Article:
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In A Time Of Activism, Some Blacks In Louisville Seek Alternative Religions

Santero Thomas Edison in his home
Santero Thomas Edison in his home

Gold-rimmed glasses and a large goblet filled all with water sit on a small table inside Thomas Edison’s home. A rosary with aquamarine beads sits on top of the glasses, next to a burning candle.

This, Edison says, is a bóveda: a vehicle that allows energy to come to you.

“And what it does is it’s a way to connect with ancestors,” he said. “It’s a way to show respect and it’s a way to bring peace and tranquility into your home.”

Edison is a professor of Spanish at the University of Louisville. He’s from Kentucky, but he practices the Afro-Cuban faith, Santería.

For Edison, Santería is an escape from an increasingly chaotic world. And he’s not alone. For centuries many black people throughout history have sought healing from alternative religions.

Spiritual practices from Santería to Vodou have provided healing to Afro Descendants in times of resistance, from slave rebellions to the Civil Rights era. Of course, more mainstream religions have played a role, too.

"When we think of great leaders like Martin Luther King and Malcolm X — all of these people had a spiritual foundation to them," Edison said. 

But now in this heightened era of activism and as many marginalized communities feel under attack, these spiritual practices have taken on new meanings.

Some of these faith systems are easily understood. Others are more complicated.

'Satan is your best friend'

Take Satanism, for example. That's Detryck von Doom's religion. And as perfect as it sounds, "von Doom" isn't his birth name; it’s a pseudonym he uses to protect his family from online harassment.

“In Donald Trump's America and Matt Bevin's Kentucky, I really think that Satan is your best friend," he said.

Unlike it sounds, Satanism isn’t about worshiping the devil. For the most part, Satanists are atheists.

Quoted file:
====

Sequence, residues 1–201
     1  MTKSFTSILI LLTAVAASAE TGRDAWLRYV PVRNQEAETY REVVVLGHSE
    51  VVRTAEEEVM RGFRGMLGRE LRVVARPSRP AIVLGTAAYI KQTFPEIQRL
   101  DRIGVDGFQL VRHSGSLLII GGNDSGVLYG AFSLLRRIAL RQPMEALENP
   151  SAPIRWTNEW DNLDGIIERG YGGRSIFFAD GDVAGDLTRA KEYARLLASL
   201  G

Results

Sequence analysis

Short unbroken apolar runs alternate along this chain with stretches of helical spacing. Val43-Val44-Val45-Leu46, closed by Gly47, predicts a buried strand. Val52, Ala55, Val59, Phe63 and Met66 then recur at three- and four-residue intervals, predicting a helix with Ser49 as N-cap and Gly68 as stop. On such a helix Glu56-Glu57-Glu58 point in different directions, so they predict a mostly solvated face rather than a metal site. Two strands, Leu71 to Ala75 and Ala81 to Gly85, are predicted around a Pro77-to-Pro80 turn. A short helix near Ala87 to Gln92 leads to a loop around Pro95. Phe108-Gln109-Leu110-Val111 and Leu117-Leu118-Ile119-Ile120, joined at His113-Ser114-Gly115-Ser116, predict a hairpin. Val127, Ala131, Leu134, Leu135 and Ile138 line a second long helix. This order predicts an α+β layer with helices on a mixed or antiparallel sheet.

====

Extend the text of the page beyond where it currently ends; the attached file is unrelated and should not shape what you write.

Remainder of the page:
“For many of us just calling yourself atheists just isn’t enough,” von Doom said. “Atheism just only says one thing about you — and it’s actually what you don’t believe. It doesn’t tell you about your values. It doesn’t tell anyone what you hold dear.”

And what Satanists hold dear, says von Doom, are egalitarianism and equal rights. That includes rights for people in the LGBTQ community, abortion rights, and rights for marginalized communities.

For von Doom, Satan is a symbol.

“To me the symbol of Satan is the rejection of authoritarianism, not authority, but authoritarianism,” he says. “We do value laws, and I do personally value laws but I will also reject any law that puts one above another.”

For von Doom, the political climate has emboldened his faith.

“Now more than ever we have so much to lose," he said.

While for others like Edison, his practice of Santería offers community and self-care.

“Especially if you’ve been traumatized or you come from a community that has suffered types of trauma there’s certain key things that when you hear in the media it triggers something very deep inside of you,” says Edison. “And when you have a political leader that may say certain things that trigger that, you have to recognize that it’s a trigger and where it comes from and deal with that.”

Tarot Cards As Trauma Treatment

For others, like Austen Smith, their faith is a way to rid a body of negative spirits. Smith is a tarot card reader and Southern root worker.

“Tarot can help dig up what exactly you’re trying to avoid or what you don’t know is there,” Smith said.

Smith said tarot is effective for dealing with collective trauma, which is psychological harm resulting from a traumatic event that affects an entire group of people. And it can be passed down through generations.

Symptoms of collective trauma can include depression or internalized oppression.

“We can’t think about our feelings or emotions when we’re trying to walk down the street and be safe or when we’re in the middle of or facing some sort of racist interaction. And our body and our spirit and energy collects that stuff,” Smith said.

And for U of L Spanish professor and Santero Thomas Edison, whatever helps an individual find meaning in life and cope with challenging events is a good fit.

“There’s only one true religion for me, there’s only one true religion for you but there’s no one true religion for every individual on this globe,” Edison said. “And if people could just recognize what works for you and brings meaning and peace for your life, it’s your responsibility to follow that path.”

Roxanne Scott covers education for WFPL News.

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